The Image of God
As we embrace the joy of Christmas, we are drawn to the innocence of the Christ Child and the faithfulness of the Holy Family, but there has always also been the profound truth of the Incarnation. The early Church Fathers tried, not so simply to our modern ears, to express the miracle, mystery, and accessibility of the imago dei, the image of God, to our likeness.
I offer these expressions of devotion and love as a challenge of reflection for each of us this Christmas. Read through what the Fathers say, and rest in the Holy Spirit to deepen your reflection in the imago dei.
God recapitulated in Himself in ancient formation of man, that he might kill sin, deprive death of its power and vivify man. (St. Irenaeus, Bishop of Lyon, c. 202)
For He is not the voice of an articulate utterance, but a substance begotten by divine power, who has in all things pleased Him that sent Him. (St. Ignatius, Patriarch of Antioch, c. 140)
Man’s maker was made man, that He, Ruler of the stars, might nurse at His mother’s breast; that the Bread might hunger, the Fountain thirst, the Light sleep, the Way be tired on its journey; that the Truth might be accused of false witness, the Teacher be beaten with whips, the Foundation be suspended on wood; that Strength might grow weak; that the Healer might be wounded; that Life might die. (St. Augustine, Bishop of Hippo, 354-340)
This day He who Is, is Born; and He who is becomes what He was not. (St. John Chrysostom, Archbishop of Constantinople, 347-407)
Thus it happened that two opposite marvels took place at once: the death of all was consummated in the Lord’s body; yet, because the Word was in it, death and corruption were in the same act utterly abolished. (St. Athanasius the Great, Pope of Alexandria, 298-373)
He measures all by comparison with his own suffering, so that he may know our condition by his own, and how much is demanded of us, and how much we yield. (St. Gregory Nazianzen, Archbishop of Constantinople, 329-390)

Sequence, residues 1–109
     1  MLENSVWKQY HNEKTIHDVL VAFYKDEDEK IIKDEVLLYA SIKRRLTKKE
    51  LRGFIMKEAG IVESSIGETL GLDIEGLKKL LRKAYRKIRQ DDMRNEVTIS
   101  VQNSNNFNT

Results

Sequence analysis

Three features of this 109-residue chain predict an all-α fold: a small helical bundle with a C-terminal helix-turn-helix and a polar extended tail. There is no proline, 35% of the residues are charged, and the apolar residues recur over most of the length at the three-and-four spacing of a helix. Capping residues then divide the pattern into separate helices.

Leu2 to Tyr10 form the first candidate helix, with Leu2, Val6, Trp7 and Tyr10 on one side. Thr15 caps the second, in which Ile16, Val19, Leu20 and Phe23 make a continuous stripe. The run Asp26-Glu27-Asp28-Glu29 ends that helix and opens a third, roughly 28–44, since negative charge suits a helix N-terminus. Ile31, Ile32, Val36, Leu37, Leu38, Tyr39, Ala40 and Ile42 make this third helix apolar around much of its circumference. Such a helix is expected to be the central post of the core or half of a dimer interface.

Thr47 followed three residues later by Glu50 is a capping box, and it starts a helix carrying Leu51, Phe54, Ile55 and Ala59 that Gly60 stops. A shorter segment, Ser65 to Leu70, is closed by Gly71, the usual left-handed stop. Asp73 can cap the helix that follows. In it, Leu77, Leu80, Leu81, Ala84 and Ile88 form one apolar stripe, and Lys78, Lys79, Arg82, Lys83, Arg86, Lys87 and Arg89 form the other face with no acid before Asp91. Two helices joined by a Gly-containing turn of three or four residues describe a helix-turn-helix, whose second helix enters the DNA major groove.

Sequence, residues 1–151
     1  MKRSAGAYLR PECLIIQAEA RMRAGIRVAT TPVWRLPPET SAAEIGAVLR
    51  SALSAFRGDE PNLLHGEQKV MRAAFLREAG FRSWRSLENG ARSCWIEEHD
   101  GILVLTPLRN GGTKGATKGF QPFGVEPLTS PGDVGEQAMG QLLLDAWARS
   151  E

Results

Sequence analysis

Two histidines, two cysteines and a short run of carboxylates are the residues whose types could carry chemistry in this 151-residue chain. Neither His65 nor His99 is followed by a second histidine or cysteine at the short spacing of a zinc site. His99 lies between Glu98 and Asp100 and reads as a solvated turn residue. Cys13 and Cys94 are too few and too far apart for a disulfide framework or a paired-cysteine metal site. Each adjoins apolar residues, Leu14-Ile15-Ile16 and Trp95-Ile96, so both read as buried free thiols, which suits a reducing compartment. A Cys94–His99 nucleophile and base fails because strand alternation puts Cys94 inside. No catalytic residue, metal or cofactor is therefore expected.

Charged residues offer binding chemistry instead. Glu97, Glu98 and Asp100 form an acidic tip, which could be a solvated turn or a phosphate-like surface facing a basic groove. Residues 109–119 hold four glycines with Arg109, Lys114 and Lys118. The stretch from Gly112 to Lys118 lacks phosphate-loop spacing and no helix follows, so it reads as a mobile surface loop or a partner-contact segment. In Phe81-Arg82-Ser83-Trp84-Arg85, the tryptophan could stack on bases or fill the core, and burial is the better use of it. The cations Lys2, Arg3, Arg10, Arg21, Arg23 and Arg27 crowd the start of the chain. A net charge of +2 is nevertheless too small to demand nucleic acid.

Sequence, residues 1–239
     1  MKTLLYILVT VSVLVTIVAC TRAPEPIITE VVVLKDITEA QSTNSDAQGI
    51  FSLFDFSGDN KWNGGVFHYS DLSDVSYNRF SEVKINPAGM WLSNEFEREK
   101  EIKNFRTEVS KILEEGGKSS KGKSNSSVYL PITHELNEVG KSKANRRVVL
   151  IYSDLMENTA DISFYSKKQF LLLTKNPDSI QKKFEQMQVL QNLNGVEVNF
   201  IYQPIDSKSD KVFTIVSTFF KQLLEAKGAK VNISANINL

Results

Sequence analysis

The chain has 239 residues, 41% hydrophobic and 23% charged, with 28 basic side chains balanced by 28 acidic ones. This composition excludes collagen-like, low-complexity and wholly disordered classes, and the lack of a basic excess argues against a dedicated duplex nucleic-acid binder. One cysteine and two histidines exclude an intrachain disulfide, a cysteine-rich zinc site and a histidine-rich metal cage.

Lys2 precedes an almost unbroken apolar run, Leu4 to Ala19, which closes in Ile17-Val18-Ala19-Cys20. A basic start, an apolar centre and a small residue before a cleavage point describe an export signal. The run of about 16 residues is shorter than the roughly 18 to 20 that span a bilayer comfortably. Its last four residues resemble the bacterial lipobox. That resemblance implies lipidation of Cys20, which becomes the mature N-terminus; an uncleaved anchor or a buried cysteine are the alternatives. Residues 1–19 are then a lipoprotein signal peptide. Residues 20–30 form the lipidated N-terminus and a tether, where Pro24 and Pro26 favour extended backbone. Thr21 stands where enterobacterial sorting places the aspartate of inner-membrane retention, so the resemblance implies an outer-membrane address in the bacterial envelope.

Teacher of children became himself a child among children, that he might instruct the unwise. The Bread of heaven came down to earth to feed the hungry. (St. Cyril of Jerusalem, Bishop of Jerusalem, 313-386 )
The Lord did not come to make a display. He came to heal and to teach suffering men. (St. Athanasius the Great, Pope of Alexandria, 298-373)
For next to God, we worship and love the Word who is from the unbegotten and ineffable God, since also He became man for our sakes, that becoming a partaker of our sufferings, He might also bring us healing. (Justin Martyr, Christian apologist and philosopher, 100-165)
God the Word was made man for this reason, that that very nature which had sinned, fallen, and become corrupt should conquer the tyrant who had deceived it. (John of Damascus, monk, priest, hymnographer, and apologist, 675-749)
Christ in the flesh, rejoice with trembling and with joy; with trembling because of your sins, with joy because of your hope. (St. Gregory Nazianzen, Archbishop of Constantinople, 329-390)
He was made man that we might be made God. (St. Athanasius the Great, Pope of Alexandria, 298-373)
This Lord of natures today was transformed contrary to His nature; it is not too difficult for us to also overthrow our evil will. (St. Ephrem the Syrian, Theologian, hymnographer, 306-373)
Through the imago dei,
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Father Bill Burk†